PARKERSBURG - An Oberlin (Ohio) College professor will present a program on President Lincoln at 2 p.m. Sept. 19 in the Fort Boreman Room of the Wood County Courthouse Annex in Parkersburg.
Sponsored by the West Virginia Humanities Council, Professor Gary Kornblith in "The Making of the President, 1860" will discuss circumstances around Lincoln's election.
The sesquicentennial of the Civil War is in 2011. West Virginia became the 35th state in 1863 during the war by a proclamation by Lincoln.
"The Humanities Council considers this one of our early Civil War sesquicentennial programs and thinks Parkersburg a most appropriate location for the event," said Mark Payne, program officer for the Humanities Council. "Bob Enoch of the Wood County Historical Society has been extremely helpful with making this program a reality."
Lincoln won the presidential election of 1860 with only 40 percent of the popular vote, the second lowest proportion in American history. Kornblith will explain how and why Lincoln succeeded by examining the realignment of American politics in the 1850s, the dynamics of the presidential campaign and the roles of the Electoral College and popular vote in determining the outcome.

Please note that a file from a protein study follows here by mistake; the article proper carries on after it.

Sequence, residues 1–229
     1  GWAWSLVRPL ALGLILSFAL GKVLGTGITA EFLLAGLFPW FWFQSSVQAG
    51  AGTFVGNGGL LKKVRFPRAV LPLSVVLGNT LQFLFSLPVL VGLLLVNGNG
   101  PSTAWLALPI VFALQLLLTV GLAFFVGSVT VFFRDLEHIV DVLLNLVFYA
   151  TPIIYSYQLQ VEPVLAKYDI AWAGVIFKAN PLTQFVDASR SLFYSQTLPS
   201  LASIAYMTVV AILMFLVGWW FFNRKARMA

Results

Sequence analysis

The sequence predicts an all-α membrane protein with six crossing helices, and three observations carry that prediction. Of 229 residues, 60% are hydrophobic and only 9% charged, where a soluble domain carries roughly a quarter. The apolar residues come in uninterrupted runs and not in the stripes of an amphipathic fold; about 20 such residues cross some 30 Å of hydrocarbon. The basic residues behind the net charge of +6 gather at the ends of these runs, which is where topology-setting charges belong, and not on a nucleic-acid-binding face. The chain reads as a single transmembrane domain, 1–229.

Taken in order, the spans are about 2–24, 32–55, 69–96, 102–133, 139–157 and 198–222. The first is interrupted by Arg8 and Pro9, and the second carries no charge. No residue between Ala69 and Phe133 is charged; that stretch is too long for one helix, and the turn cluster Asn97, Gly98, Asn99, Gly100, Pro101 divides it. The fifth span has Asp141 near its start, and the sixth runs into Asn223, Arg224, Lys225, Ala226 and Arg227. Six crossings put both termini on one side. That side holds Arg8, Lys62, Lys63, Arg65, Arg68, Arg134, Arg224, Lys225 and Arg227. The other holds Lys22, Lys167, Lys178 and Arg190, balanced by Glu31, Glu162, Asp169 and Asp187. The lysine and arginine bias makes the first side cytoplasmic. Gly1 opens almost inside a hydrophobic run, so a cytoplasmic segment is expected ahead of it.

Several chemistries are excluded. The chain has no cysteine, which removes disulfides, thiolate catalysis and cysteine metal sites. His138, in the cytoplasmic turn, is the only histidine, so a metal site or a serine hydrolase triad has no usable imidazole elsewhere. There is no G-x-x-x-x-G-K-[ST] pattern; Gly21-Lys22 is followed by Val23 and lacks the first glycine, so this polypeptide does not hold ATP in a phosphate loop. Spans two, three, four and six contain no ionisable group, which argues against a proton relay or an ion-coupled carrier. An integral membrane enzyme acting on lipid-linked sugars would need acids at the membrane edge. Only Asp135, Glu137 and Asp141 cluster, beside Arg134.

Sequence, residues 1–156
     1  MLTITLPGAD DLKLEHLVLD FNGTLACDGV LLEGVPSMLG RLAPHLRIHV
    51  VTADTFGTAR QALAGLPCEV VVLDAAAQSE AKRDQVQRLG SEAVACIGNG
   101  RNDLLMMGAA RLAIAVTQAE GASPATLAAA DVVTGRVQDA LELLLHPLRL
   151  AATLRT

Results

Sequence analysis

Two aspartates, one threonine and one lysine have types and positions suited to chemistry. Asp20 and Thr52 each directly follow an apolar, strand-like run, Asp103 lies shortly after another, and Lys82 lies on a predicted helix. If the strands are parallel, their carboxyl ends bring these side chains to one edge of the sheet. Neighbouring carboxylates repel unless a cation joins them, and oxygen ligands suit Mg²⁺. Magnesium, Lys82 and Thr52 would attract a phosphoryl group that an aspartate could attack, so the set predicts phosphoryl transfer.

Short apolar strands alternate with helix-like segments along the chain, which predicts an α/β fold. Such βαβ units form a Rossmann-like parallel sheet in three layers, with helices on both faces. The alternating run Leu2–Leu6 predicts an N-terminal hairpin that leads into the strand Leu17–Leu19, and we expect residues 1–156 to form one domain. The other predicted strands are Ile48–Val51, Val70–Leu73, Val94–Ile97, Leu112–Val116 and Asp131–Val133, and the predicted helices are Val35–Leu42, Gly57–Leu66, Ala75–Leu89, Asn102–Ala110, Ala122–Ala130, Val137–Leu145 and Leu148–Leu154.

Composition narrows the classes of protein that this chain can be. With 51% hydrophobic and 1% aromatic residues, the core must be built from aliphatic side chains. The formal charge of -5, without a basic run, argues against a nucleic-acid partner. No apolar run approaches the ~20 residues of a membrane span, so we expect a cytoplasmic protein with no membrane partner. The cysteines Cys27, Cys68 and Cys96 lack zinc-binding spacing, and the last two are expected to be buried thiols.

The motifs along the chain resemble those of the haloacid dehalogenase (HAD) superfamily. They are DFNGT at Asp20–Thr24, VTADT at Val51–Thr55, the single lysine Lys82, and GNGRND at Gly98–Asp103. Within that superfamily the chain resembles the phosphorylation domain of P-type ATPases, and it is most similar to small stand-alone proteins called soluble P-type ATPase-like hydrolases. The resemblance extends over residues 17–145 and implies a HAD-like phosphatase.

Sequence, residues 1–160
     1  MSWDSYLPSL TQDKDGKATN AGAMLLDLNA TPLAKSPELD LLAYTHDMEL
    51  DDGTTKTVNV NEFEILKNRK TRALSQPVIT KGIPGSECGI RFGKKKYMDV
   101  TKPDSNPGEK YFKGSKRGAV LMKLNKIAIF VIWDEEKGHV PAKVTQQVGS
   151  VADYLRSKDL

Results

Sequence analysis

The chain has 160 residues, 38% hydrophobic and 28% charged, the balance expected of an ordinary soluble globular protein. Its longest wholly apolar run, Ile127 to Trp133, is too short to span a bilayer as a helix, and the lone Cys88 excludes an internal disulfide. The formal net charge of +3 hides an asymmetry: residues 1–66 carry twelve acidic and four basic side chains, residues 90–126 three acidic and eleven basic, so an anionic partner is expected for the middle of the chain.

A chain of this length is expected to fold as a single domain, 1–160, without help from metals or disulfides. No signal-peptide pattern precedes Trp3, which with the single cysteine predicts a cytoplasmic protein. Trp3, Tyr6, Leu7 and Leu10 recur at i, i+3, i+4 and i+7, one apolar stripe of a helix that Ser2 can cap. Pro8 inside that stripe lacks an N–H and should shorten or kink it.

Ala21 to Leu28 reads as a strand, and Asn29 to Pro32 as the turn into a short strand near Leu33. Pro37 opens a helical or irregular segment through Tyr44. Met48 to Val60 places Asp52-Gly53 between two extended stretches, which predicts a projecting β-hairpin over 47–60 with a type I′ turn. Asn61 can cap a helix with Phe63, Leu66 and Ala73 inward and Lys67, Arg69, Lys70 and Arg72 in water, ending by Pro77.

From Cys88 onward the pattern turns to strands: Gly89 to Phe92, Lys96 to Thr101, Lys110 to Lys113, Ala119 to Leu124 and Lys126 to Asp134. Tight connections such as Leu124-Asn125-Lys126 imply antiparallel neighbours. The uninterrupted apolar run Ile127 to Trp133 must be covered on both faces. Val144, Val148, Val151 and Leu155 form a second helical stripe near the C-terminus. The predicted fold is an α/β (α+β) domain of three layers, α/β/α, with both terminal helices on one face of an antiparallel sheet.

The discussion will talk about why southern fire-eaters found Lincoln's election so disturbing that they pressed for secession and disunion before he took office, such as why most Virginians rejected secession prior to Fort Sumterm but then change their minds, why did western Virginians continue to oppose secession and eventually form a new state and what is the relevance of the 1860 election to West Virginians today.
Kornblith teaches American and Civil War history. His recent published works include "Class and Politics to 1877" in The Princeton Encyclopedia of American Political History, "Rethinking the Coming of the Civil War" in the Journal of American History and "The Dilemmas of Ruling Elites in Revolutionary America" in Ruling America: Power and Hierarchy in a Democracy published by Harvard University Press.